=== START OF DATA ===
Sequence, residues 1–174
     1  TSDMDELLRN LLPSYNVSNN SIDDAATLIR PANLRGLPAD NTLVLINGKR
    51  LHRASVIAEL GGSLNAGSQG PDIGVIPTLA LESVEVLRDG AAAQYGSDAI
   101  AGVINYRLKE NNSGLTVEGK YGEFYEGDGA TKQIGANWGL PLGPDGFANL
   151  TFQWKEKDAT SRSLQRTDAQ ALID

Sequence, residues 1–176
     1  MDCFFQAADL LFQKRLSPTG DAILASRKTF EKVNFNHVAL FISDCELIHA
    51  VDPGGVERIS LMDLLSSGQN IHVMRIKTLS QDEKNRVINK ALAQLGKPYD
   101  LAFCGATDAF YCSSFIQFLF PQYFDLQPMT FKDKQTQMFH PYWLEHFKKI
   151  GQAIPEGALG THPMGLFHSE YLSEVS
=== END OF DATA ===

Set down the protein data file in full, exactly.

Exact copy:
Sequence, residues 1–174
     1  TSDMDELLRN LLPSYNVSNN SIDDAATLIR PANLRGLPAD NTLVLINGKR
    51  LHRASVIAEL GGSLNAGSQG PDIGVIPTLA LESVEVLRDG AAAQYGSDAI
   101  AGVINYRLKE NNSGLTVEGK YGEFYEGDGA TKQIGANWGL PLGPDGFANL
   151  TFQWKEKDAT SRSLQRTDAQ ALID

Sequence, residues 1–176
     1  MDCFFQAADL LFQKRLSPTG DAILASRKTF EKVNFNHVAL FISDCELIHA
    51  VDPGGVERIS LMDLLSSGQN IHVMRIKTLS QDEKNRVINK ALAQLGKPYD
   101  LAFCGATDAF YCSSFIQFLF PQYFDLQPMT FKDKQTQMFH PYWLEHFKKI
   151  GQAIPEGALG THPMGLFHSE YLSEVS